# Kerodon

$\Newextarrow{\xRightarrow}{5,5}{0x21D2}$ $\newcommand\empty{}$

Proposition 4.8.1.7. Let $\operatorname{\mathcal{C}}$ be an $\infty$-category and let $n$ be a positive integer. Then $\operatorname{\mathcal{C}}$ is an $(n,1)$-category (in the sense of Definition 4.8.1.1) if and only if it is weakly $n$-coskeletal and minimal in dimension $n$.

Proof. We proceed as in the proof of Proposition 3.5.5.12. Assume first that $\operatorname{\mathcal{C}}$ is an $(n,1)$-category. Then, for any integer $m > n$, the composition of the restriction maps

$\operatorname{Hom}_{\operatorname{Set_{\Delta }}}( \Delta ^ m, \operatorname{\mathcal{C}}) \xrightarrow {\theta _ m} \operatorname{Hom}_{\operatorname{Set_{\Delta }}}( \operatorname{\partial \Delta }^{m}, \operatorname{\mathcal{C}}) \rightarrow \operatorname{Hom}_{\operatorname{Set_{\Delta }}}( \Lambda ^{m}_{1}, \operatorname{\mathcal{C}})$

is a bijection. In particular, $\theta _ m$ is an injection. To show that $\operatorname{\mathcal{C}}$ is weakly $n$-coskeletal, it will suffice to show that $\theta _{m}$ is surjective for $m \geq n+2$. Fix a morphism $\sigma _0: \operatorname{\partial \Delta }^{m} \rightarrow \operatorname{\mathcal{C}}$; we wish to show that $\sigma _0$ can be extended to an $m$-simplex of $\operatorname{\mathcal{C}}$. Since $\operatorname{\mathcal{C}}$ is an $(n,1)$-category, there is a unique $m$-simplex $\sigma$ of $\operatorname{\mathcal{C}}$ satisfying $\sigma |_{ \Lambda ^{m}_{1} } = \sigma _0|_{ \Lambda ^{m}_{1} }$. We complete the argument by observing that $\sigma |_{ \operatorname{\partial \Delta }^{m} } = \sigma _0$, by virtue of the injectivity of the map $\theta _{m-1}$.

We next show that if $\operatorname{\mathcal{C}}$ is an $(n,1)$-category, then it is minimal in dimension $n$. Let $\sigma _0, \sigma _1: \Delta ^ n \rightarrow \operatorname{\mathcal{C}}$ be $n$-simplices of $\operatorname{\mathcal{C}}$ and let $h: \Delta ^1 \times \Delta ^ n \rightarrow \operatorname{\mathcal{C}}$ be a natural isomorphism from $\sigma _0 = h|_{ \{ 0\} \times \Delta ^ n}$ to $\sigma _1 = h|_{ \{ 1\} \times \Delta ^ n }$ whose restriction to $\Delta ^1 \times \operatorname{\partial \Delta }^ n$ factors through $\operatorname{\partial \Delta }^ n$; we wish to show that $\sigma _0 = \sigma _1$. For $0 \leq i \leq n$, let $\alpha _{i}: [n+1] \rightarrow [1] \times [n]$ denote the nondecreasing function given by the formula

$\alpha _{i}(j) = \begin{cases} (0, j) & \text{ if } j \leq i \\ (1, j-1) & \text{ if } j > i, \end{cases}$

and let $\tau _{i}$ denote the $(n+1)$-simplex of $\operatorname{\mathcal{C}}$ given by the composition

$\Delta ^{n+1} \xrightarrow { \alpha _{i} } \Delta ^1 \times \Delta ^ n \xrightarrow {h} \operatorname{\mathcal{C}}.$

Let $\rho _{i}, \rho '_{i}: \Delta ^{n} \rightarrow \operatorname{\mathcal{C}}$ be the $n$-simplices of $X$ given by $\rho _{i} = d^{n+1}_{i}( \tau _ i )$ and $\rho '_{i} = d^{n+1}_{i+1}( \tau _ i )$; by construction, we have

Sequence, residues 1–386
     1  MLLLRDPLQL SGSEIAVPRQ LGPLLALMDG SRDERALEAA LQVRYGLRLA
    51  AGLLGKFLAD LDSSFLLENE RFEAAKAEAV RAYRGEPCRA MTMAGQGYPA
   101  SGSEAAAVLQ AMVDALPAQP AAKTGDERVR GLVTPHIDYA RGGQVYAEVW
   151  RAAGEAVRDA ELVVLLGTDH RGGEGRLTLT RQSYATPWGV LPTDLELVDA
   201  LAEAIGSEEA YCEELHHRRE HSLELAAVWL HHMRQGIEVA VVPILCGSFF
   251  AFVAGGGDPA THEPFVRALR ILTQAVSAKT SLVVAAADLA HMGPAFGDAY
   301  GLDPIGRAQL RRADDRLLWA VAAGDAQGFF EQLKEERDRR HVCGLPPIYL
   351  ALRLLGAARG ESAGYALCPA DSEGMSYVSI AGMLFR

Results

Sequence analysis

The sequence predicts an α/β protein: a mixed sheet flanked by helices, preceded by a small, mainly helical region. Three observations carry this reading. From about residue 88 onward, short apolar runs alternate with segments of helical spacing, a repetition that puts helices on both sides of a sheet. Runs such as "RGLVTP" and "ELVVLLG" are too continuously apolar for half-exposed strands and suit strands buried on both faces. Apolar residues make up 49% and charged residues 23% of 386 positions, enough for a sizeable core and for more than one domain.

$\sigma _0 = \rho '_{n} \quad \quad \rho _{n} = \rho '_{n-1} \quad \quad \cdots \quad \quad \rho _{1} = \rho '_{0} \quad \quad \rho _0 = \sigma _1.$

We will complete the proof by showing that $\rho _{i} = \rho '_{i}$ for $0 \leq i \leq n$. We will treat the case $i > 0$ (the case $i < n$ follows by a similar argument). Using our assumption that $h$ is constant along the boundary $\operatorname{\partial \Delta }^{n}$, we see that the degenerate $(n+1)$-simplex $s^{n}_{i}( \rho _{i} )$ coincides with $\tau _ i$ on the horn $\Lambda ^{n+1}_{i} \subset \Delta ^{n+1}$. Since $\operatorname{\mathcal{C}}$ is an $(n,1)$-category, it follows that $\tau _ i = s^{n}_{i}( \rho _{i} )$. Applying the face operator $d^{n+1}_{i+1}$, we obtain $\rho _{i} = \rho '_{i}$.

We now prove the converse. Assume that $\operatorname{\mathcal{C}}$ is a weakly $n$-coskeletal $\infty$-category which is minimal in dimension $n$; we will show that it is an $(n,1)$-category. Fix a pair of integers $0 < i < m$ with $m > n$ and a pair of $m$-simplices $\tau _0, \tau _1: \Delta ^{m} \rightarrow X$ which coincide on the horn $\Lambda ^{m}_{i} \subset \Delta ^{m}$; we wish to show that $\tau _0 = \tau _1$. Since $\operatorname{\mathcal{C}}$ is weakly $n$-coskeletal, it will suffice to prove that $\tau _0$ and $\tau _1$ coincide on the boundary $\operatorname{\partial \Delta }^{m}$: that is, to show that the $(m-1)$-simplices $\sigma _0 = d^{m}_{i}(\tau _0)$ and $\sigma _1 = d^{m}_{i}(\tau _1)$ coincide. Note that $\sigma _0$ and $\sigma _1$ have the same restriction to the boundary $\operatorname{\partial \Delta }^{m-1}$. Consequently, if $m \geq n+2$, the desired result follows from our assumption that $\operatorname{\mathcal{C}}$ is weakly $n$-coskeletal. We may therefore assume that $m = n+1$. Since $\operatorname{\mathcal{C}}$ is minimal in dimension $n$, it will suffice to show that there is an isomorphism from $\sigma _0$ to $\sigma _1$ (in the $\infty$-category $\operatorname{Fun}(\Delta ^ n, \operatorname{\mathcal{C}})$) whose image in $\operatorname{Fun}( \operatorname{\partial \Delta }^{n}, \operatorname{\mathcal{C}})$ is an identity morphism. In fact, we will prove a stronger claim: there is an isomorphism from $\tau _0$ to $\tau _1$ in the $\infty$-category $\operatorname{Fun}( \Delta ^{m}, \operatorname{\mathcal{C}})$ whose image in $\operatorname{Fun}( \Lambda ^{m}_{i}, \operatorname{\mathcal{C}})$ is an identity morphism. This follows from the observation that the restriction map $\operatorname{Fun}( \Delta ^{m}, \operatorname{\mathcal{C}}) \rightarrow \operatorname{Fun}( \Lambda ^{m}_{i}, \operatorname{\mathcal{C}})$ is a trivial Kan fibration; see Proposition 1.5.7.6. $\square$